College Sports

August 23, 2014

Alongside Rhoads, Mangino looks to help Iowa State reach new heights

Former Kansas coach Mark Mangino tries to spark the Cyclones as offensive coordinator.

The time may be now for Paul Rhoads and the Iowa State Cyclones to make some real noise in the Big 12.

Entering his sixth season in Ames, Rhoads has defeated four Top 25 teams and led the Cyclones to three bowl games, but he has never won more than seven games, going 27-36 in his career.

After finishing 3-9 in 2013, Iowa State brought in six new coaches, including former Kansas coach Mark Mangino, who takes over for Courtney Messingham as offensive coordinator.

“He has a proven track record as a play-caller, but at the very top of the list was the simplicity with which his offenses have had success, and that was something that our program needed,” Rhoads said.

Mangino was an assistant coach for eight years at Kansas State before moving to Oklahoma, where he helped the Sooners win the 2000 national championship as offensive coordinator.

At Kansas, he won 50 games in eight seasons and went 12-1 in 2007, capping the season with a victory over Virginia Tech in the Orange Bowl.

“I think having coach Mangino is a huge advantage for us. Not only has he had success in college football, but he’s had success in the Big 12,” senior linebacker Jevohn Miller said. “If you have success in the Big 12, you’re going to have success getting to a bowl game ... he knows how to win.”

Rhoads hopes Mangino can spark an offense that finished eighth in the conference in total yards and ninth in scoring.

“We’re going to be a spread offense. It’s a generic term, but we’re going to deploy a lot of three-wide-receiver sets and one-back offense,” Rhoads said. “We’re not going to huddle.”

The offense will be led by senior running back Aaron Wimberly and senior tight end E.J. Bibbs. Junior Sam Richardson and sophomore Grant Rohach are competing at quarterback.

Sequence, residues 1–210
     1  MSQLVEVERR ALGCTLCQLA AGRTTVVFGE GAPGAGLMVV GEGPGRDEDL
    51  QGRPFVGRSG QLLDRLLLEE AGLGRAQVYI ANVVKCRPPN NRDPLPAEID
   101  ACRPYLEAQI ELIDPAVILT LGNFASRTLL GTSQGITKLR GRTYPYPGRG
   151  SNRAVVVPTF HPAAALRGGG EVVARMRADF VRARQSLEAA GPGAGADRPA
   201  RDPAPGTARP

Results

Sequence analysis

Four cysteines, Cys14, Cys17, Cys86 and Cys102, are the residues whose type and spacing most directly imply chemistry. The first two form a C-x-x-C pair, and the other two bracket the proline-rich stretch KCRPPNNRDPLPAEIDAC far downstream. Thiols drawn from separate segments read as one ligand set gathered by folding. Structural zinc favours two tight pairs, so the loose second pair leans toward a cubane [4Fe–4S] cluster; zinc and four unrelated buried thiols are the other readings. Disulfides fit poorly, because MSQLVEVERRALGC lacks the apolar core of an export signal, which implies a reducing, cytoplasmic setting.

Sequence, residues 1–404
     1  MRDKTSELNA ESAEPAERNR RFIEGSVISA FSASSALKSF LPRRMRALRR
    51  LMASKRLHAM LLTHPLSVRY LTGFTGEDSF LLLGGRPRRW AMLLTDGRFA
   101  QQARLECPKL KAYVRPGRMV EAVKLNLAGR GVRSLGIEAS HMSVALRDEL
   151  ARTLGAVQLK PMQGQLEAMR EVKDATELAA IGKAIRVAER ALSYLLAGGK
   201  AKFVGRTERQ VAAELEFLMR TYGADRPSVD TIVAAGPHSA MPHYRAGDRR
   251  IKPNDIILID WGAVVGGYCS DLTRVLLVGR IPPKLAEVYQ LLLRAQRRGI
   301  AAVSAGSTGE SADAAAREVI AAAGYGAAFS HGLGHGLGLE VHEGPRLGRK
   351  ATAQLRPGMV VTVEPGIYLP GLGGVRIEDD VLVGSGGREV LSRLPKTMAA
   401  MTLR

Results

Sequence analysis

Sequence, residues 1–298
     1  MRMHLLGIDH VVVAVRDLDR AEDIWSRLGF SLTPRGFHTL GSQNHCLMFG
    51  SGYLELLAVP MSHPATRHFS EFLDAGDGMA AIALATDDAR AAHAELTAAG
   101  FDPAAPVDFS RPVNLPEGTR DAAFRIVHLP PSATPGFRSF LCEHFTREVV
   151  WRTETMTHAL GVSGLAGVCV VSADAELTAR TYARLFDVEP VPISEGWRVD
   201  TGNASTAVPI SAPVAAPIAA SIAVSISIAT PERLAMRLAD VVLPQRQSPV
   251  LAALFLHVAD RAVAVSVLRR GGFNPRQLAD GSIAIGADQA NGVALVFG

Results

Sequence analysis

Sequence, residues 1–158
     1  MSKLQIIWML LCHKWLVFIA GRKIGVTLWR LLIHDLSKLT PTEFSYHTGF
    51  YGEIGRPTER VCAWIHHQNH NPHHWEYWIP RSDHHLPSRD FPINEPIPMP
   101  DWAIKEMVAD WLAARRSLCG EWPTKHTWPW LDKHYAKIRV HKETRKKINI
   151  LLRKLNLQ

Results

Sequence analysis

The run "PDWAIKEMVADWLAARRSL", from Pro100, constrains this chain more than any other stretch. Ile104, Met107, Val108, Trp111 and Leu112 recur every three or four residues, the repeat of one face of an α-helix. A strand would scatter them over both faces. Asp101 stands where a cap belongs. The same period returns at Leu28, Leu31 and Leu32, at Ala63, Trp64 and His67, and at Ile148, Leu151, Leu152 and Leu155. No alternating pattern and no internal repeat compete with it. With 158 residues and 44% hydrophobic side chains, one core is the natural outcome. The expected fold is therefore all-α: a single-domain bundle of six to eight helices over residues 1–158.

“We don’t have a quarterback named, but we have two starting quarterbacks in our offensive system and I think there will be a lot of coaches that would like to be able to say that as well,” Rhoads said.

Bibbs, a second team All-Big 12 selection a year ago, finished second in the conference in receiving yards by a tight end. As he enters the 2014 season, Bibbs is on multiple watch lists, including the John Mackey Award for the best tight end in the nation.

The defense is expected to be better after finishing 110th in the nation in points allowed (36 per game) and last in the conference in sacks and interceptions.

“We just had to get smarter as a football team,” senior defensive end Cory Morrissey said. “We had a lot of mistakes last year that took us back, instead of taking a step forward with the program. We had to get adjusted to all our coaches and the schemes that they want and from there on, we took some big steps.”

The Cyclones open Aug. 30, hosting three-time Football Championship Subdivision champion North Dakota State.

“There’s so many upsets from the FCS; you have to respect every FCS school and with North Dakota State being a three-time champion and beating Kansas State last year, we have to take it serious,” Morrissey said. “Here at Iowa State, we don’t take any of those schools lightly.”

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